With teams making some final tweaks to their rosters heading into the final weeks of the season, let’s take a look at one of the most interesting wrinkles in the NBA salary cap. The cap hold exists primarily to close a loophole. Without cap holds, a team could structure a bunch of its contracts to end simultaneously, giving them cap room to pursue other teams’ free agents while still possessing Bird rights on its own free agents. Almost every team in the NBA has a cap hold on someone. There are free agent cap holds and draft pick cap holds, but the largest ones fall into the free agent category. Whenever a player’s contract with a team ends, it creates a cap hold (see Larry Coon’s CBA FAQ for how the amount of the cap hold is determined).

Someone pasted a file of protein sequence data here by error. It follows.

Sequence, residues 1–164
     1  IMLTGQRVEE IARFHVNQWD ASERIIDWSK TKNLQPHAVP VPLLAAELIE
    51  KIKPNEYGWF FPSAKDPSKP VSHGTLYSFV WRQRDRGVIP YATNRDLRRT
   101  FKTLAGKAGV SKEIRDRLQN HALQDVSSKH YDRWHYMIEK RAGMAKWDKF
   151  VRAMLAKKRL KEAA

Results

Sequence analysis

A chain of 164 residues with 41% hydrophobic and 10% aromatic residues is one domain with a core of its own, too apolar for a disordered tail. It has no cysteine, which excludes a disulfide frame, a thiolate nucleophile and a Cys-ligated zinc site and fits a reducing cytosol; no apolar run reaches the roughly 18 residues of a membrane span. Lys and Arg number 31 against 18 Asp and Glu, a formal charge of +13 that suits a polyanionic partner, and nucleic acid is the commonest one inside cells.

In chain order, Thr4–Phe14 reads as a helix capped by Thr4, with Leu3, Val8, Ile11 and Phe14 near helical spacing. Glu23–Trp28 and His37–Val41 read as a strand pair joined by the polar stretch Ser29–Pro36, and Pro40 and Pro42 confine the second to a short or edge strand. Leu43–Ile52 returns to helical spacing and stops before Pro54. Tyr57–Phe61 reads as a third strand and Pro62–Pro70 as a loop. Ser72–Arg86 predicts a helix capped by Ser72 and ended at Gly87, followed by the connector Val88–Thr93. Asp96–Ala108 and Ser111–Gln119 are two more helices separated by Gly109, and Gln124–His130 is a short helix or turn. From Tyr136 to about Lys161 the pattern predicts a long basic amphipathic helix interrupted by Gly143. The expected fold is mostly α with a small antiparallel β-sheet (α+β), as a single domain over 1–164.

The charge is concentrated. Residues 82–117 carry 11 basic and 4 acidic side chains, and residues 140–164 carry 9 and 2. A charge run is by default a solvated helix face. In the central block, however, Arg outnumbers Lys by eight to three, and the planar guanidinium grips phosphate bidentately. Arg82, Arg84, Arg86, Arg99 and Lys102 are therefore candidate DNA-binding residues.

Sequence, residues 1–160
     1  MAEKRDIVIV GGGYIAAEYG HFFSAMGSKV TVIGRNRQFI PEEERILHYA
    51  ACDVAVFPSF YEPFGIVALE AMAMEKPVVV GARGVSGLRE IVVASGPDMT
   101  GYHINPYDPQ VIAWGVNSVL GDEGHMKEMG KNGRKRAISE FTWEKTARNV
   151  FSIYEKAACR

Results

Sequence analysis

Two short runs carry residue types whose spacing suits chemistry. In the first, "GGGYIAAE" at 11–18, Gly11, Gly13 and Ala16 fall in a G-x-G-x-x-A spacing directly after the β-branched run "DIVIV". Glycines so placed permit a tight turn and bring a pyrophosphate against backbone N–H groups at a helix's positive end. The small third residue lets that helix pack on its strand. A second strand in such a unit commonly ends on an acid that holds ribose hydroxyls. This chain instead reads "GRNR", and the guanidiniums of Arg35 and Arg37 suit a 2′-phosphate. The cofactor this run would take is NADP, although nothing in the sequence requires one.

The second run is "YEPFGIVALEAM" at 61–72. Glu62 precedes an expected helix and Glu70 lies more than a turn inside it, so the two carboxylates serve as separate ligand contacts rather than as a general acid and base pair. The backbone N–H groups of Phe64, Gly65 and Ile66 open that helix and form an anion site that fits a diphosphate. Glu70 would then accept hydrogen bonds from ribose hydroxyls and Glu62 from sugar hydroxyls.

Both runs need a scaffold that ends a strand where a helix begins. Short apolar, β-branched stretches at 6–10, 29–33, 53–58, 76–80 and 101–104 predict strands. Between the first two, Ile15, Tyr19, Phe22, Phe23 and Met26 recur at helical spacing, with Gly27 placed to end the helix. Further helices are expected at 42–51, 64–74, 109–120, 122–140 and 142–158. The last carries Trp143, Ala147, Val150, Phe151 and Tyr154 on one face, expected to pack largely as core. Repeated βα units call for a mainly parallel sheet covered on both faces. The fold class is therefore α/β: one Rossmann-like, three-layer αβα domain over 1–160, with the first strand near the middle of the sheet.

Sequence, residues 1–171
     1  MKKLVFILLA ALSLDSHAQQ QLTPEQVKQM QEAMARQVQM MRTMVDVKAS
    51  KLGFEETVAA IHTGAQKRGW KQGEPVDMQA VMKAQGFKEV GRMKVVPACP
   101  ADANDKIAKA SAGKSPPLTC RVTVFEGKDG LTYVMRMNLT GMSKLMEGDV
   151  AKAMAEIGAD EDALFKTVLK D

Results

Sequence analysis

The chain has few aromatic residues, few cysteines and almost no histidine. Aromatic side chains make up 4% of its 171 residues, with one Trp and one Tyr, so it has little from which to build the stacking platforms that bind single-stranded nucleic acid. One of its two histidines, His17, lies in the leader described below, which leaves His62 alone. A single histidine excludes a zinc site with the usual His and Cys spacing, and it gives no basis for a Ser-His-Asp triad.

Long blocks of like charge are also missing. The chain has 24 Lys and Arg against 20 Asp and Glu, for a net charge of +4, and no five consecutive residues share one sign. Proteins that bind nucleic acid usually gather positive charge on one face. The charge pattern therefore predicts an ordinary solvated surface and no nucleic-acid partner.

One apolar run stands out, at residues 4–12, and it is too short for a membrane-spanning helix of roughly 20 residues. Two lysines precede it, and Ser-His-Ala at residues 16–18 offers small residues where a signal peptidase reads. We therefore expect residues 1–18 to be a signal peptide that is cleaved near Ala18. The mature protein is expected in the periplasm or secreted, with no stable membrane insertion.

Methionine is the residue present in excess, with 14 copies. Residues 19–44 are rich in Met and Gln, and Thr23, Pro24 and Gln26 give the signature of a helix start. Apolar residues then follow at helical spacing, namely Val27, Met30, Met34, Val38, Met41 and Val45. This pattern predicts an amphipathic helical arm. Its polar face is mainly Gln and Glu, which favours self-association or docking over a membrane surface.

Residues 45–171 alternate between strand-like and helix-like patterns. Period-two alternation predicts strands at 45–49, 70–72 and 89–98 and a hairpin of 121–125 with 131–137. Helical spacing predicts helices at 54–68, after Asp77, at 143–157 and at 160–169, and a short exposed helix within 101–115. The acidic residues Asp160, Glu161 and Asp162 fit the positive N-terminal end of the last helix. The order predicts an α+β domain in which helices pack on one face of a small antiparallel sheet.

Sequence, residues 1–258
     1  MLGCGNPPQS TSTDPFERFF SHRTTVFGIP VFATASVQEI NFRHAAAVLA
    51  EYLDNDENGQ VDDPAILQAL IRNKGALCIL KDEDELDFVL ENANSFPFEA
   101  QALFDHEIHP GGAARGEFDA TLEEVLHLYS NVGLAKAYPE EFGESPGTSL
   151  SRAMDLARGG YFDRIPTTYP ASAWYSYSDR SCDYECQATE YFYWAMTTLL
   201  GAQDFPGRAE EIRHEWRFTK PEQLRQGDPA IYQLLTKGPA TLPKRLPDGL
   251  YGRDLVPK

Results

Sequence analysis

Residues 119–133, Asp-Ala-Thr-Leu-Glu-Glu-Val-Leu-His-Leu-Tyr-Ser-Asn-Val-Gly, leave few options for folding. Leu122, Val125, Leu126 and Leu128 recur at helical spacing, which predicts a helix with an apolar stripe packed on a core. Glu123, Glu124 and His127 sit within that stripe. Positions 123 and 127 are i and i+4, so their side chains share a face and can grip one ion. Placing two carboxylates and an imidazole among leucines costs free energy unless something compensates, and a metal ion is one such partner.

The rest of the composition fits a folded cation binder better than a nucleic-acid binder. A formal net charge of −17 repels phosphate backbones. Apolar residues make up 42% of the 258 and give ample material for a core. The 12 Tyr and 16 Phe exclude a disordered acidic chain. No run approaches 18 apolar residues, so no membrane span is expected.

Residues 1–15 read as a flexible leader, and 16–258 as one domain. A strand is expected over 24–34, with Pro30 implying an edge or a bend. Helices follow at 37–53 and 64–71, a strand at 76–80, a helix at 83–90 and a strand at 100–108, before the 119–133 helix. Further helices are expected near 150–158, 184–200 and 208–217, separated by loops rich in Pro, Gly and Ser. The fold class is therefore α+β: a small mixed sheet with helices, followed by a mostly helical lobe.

So even though a player is no longer getting paid, he can still be on the books for a large number. The cap hold doesn’t go away unless the team waives the player or renounces its rights to him, or until the player signs with another team or formally files retirement papers with the league. Players are often slow to file that paperwork, as there’s no real impetus to do so until they’re eligible for a pension. Teams often won’t renounce the rights to retired players so they can throw them into trades, as with the Keith Van Horn deal a few years ago, and because there’s little reason to do so if the team is over the cap anyway, since cap holds don’t count for luxury tax purposes.
Andrei Kirilenko, Jazz: $18,091,250
Wally Szczerbiak, Cavs: $18,091,250
Jeff Green, Celtics: $11,139,970
Marcus Banks, Hornets: $9,210,413
Darius Songaila, 76ers: $9,154,200
Richard Hamilton, Pistons: $8,430,293
Nenad Krstic, Celtics: $8,314,674
Pat Garrity, Magic: $7,342,075
Julian Wright, Raptors: $7,145,143
Steven Hunter, Grizzlies: $7,022,400
Robert Horry, Spurs $6,897,000
Greg Ostertag, Jazz: $6,305,000
Aaron Brooks, Suns: $5,041,730